211 Ontario Help Seniors Find Community Supports and Financial Assistance
The 211 helpline in Ontario answered more than 325,000 calls last year. One third of those calls were for basic needs like housing, food, financial assistance and help with utility bills. Many calls were from seniors and caregivers wanting to discover what practical help like home support was available, how to access it, and if financial help exists for life’s challenges.
Calling 2-1-1 is one of the best ways to learn about community and social service programs and financial help that can help seniors improve their quality of life. Programs and benefits can change from year to year or vary by community, please call 2-1-1 for up-to-date information.
Pensions and Other Benefits
Filing a personal tax return each year is important, even if you have no income, to ensure you receive all the tax credits and benefits you may be eligible for and often to renew your benefits. Not all benefits have automatic enrolment or renewal. Click here for information about types of income may receive when you retire or turn 65 years old.
The Canada Revenue Agency administers tax laws for the Government of Canada and Ontario and administers various social and economic benefit and incentive programs.
No matter your age, having a stable income is paramount to feeling secure. If you’re a senior, accessing at least part of that income means dealing with a government office, which can be frustrating. If you have trouble reaching an agency or communicating with them, call 211. We are happy to help callers navigate to the agency or department upon request. If you need help filling out application forms, community agencies can also provide this help. 211 can tell you which agencies can help with that.
The Old Age Security (OAS) program, which provides most Canadians over 65 with a modest pension, is at the top of the list of financial support for seniors. In addition, the Guaranteed Income Supplement (GIS) gives extra income to low-income seniors receiving OAS. Partners of GIS recipients can apply for the GIS-Allowance (widows can apply for the Allowance for the Survivor) if they are aged 60 to 64. Low income seniors should note, if you choose to defer your OAS pension, you will not be eligible for the GIS for the period you are delaying your OAS pension. In addition, your spouse or common-law partner will not be eligible to receive the Allowance during that period. You must apply for the GIS when your income tax is filed. You will not be automatically enrolled.
In addition, the Guaranteed Annual Income System (GAINS) is a top-up for low-income Ontario residents age 65 or older who receive GIS. To learn more you can call 211 or explore your eligibility with the Old Age Security Program Toolkit from the Government of Canada. They have an interactive version and a printable version. The increased income can mean a substantial improvement in quality of life for a low-income senior.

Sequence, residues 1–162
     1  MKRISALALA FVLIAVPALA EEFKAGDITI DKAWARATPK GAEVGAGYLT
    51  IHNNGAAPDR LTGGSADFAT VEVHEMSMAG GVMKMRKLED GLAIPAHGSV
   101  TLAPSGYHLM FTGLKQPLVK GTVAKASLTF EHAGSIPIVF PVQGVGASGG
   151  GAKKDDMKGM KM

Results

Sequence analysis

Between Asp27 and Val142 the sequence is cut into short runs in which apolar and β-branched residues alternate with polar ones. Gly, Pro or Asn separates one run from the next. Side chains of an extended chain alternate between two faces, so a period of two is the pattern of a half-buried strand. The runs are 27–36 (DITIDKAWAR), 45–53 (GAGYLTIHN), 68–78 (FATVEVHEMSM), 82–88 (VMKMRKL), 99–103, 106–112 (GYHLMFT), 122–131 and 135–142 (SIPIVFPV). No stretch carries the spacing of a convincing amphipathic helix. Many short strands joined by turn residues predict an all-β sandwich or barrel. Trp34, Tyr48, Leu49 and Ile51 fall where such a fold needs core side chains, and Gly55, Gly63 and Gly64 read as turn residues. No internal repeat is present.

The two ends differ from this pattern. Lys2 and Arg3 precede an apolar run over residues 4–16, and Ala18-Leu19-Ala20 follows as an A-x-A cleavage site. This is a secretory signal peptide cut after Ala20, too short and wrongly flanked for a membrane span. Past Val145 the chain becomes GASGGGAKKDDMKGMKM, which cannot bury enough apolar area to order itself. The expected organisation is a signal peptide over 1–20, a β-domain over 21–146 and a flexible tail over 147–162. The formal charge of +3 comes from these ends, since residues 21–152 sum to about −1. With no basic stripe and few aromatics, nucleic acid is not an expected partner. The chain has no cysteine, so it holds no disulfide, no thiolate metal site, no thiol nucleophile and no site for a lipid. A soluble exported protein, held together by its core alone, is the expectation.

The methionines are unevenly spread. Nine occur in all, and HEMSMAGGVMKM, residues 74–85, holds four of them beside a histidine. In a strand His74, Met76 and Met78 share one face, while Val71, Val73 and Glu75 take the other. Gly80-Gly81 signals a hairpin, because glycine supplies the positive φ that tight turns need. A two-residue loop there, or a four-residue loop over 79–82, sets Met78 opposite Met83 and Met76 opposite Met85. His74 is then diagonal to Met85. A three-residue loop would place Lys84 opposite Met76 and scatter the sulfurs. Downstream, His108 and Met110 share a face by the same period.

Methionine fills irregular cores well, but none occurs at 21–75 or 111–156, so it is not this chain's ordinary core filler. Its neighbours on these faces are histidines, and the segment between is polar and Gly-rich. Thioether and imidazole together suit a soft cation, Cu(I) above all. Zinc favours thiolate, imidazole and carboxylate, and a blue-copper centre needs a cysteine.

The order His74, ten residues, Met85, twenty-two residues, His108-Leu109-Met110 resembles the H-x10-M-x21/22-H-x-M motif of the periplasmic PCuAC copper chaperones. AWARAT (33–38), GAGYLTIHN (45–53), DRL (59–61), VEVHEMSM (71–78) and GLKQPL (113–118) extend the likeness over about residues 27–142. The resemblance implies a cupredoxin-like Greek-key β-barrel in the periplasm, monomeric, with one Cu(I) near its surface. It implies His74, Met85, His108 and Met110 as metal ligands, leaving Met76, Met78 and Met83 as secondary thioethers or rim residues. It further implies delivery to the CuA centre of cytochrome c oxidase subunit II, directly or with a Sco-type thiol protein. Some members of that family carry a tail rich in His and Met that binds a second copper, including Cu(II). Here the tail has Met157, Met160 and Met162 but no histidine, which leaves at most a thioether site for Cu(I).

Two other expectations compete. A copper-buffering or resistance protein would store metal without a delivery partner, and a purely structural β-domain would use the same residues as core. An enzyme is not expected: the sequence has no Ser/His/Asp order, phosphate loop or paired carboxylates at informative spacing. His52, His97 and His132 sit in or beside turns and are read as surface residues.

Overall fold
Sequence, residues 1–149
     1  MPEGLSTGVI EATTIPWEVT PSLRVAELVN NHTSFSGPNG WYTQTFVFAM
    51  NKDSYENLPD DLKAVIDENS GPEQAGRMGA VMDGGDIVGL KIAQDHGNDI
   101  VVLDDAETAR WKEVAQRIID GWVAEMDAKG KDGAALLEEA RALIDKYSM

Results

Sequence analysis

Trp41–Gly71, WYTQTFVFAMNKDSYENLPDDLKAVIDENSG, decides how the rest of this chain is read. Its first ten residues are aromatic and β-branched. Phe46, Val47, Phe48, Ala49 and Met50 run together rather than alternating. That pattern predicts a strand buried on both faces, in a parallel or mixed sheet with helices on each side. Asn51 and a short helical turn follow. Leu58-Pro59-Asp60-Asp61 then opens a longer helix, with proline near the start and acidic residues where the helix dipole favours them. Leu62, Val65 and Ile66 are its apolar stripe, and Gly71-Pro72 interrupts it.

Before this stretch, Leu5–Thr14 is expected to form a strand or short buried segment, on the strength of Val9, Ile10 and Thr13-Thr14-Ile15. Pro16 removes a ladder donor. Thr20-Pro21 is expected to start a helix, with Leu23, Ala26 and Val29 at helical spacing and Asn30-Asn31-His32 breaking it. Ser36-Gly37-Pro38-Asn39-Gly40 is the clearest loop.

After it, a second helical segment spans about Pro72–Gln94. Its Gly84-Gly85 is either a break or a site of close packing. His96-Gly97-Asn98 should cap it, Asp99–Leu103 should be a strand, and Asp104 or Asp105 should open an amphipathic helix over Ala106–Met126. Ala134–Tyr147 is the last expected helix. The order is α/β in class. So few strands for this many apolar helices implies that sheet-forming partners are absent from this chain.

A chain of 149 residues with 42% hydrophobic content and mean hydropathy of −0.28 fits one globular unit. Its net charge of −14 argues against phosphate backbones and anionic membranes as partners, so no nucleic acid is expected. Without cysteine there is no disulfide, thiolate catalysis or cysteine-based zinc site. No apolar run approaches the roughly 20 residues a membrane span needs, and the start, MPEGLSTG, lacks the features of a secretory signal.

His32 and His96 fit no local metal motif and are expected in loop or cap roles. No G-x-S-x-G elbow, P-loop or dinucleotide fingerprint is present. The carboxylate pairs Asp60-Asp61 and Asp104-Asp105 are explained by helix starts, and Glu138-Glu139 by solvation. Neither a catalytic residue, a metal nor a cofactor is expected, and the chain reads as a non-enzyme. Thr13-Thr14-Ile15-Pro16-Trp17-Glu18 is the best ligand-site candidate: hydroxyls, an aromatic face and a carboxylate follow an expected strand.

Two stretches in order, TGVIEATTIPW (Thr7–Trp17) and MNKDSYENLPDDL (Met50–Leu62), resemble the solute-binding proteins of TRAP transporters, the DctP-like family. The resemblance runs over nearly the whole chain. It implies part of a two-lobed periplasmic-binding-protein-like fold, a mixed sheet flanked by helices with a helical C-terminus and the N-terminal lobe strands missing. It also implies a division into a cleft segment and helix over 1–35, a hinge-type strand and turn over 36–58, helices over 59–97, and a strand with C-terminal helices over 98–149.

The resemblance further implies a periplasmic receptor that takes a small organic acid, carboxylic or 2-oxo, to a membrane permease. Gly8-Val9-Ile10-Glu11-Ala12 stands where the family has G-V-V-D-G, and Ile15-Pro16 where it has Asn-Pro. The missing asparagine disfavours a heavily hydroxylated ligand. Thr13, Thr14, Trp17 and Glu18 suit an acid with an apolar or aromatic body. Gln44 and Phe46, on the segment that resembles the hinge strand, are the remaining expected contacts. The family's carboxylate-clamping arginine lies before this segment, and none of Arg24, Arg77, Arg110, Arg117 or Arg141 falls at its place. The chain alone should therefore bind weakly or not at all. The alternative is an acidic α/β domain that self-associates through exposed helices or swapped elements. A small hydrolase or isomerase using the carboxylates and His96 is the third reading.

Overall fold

If you currently receive a full or partial federal OAS pension plus the federal GIS, you do not have to apply for GAINS. Your benefits will be determined based on information the Ontario Ministry of Finance receives from Employment and Social Development Canada and information provided on your annual personal income tax and benefit return.
Another possible form of financial support if you have worked outside the home is the Canada Pension Plan (CPP) retirement pension. Starting in 2019, the Canada Pension Plan (CPP) will be gradually enhanced. This will only affect you if, as of 2019, you work and make contributions to the CPP. The enhancement will increase CPP retirement, disability and survivor’s pensions you may receive. If you are a CPP contributor under the age of 65 and cannot work because of a disability, you may be eligible for the CPP Disability Benefits Program.
You need to be at least 65 to get the full pension, although you can take a reduced CPP retirement pension when you turn 60. CPP also provides survivor’s pension to partners of deceased contributors.
If you have lived or worked in another country, you may be eligible for benefits from abroad.
Veterans Canada website provides a wide variety of information on the types of support available to them and their families. There is a section on financial support for veterans.
Disability Tax Credit
The Disability Tax Credit is a non-refundable tax credit that helps a person with a disability or their support family member reduce the amount of income tax they may have to pay. New this year, Nurse Practitioners can also fill out and sign the tax credit certification.
Ontario also offers the Provincial Land Tax Deferral Program for Low Income or Those With Disability, a partial deferral of provincial land tax and education tax for GIS recipients. Finally, the Federal Excise Gasoline Refund Program refunds a portion of the federal excise tax on gasoline bought for use by people with a mobility impairment who cannot use public transportation.
It is also important to understand medical expenses which can be claimed on your taxes. Visit the following page for more information.
The Ontario Renovates Program offers limited funding to renters, low-income seniors (and persons with disabilities) who own their home and need home repairs and accessibility modifications. This program is administered by local municipalities, such as the City of Ottawa.
The Home and Vehicle Modification program by March of Dimes Canada provides funding for basic home and/or vehicle modifications and is only available in Ontario.
Community legal clinics, which offer services to all low-income seniors, can help if you are having difficulty applying for a tax refund or receiving your pension or you need help preparing a will or a power of attorney form. The Alzheimer Society Ontario also partnered with the Ontario Bar Association to create a free Estate Planner and Guide. To find out about other legal options for low-income Ontarians, check out the Community Legal Education Ontario website, Steps to Justice website, the Pro Bono Ontario Free Legal Advice Hotline.
As a resident of Ontario, you must have a valid Ontario health card to show that you are entitled to health care services paid for by OHIP.
Telehealth Ontario is a free, confidential phone service you can call to get health advice or information. A Registered Nurse will take your call 24 hours a day, seven days a week: Toll-free: 1-866-797-0000.
When it comes to health, most of the cost for approved drug prescriptions is covered under the Ontario Drug Benefit (ODB) program if you are 65 or older. Seniors enrolled in the Seniors Co-Payment Program pay no annual deductible and a co-payment of up to $2 for each prescription.
Ontario also offers several free vaccines for those 65 years of age and older. Ask your family doctor for more information.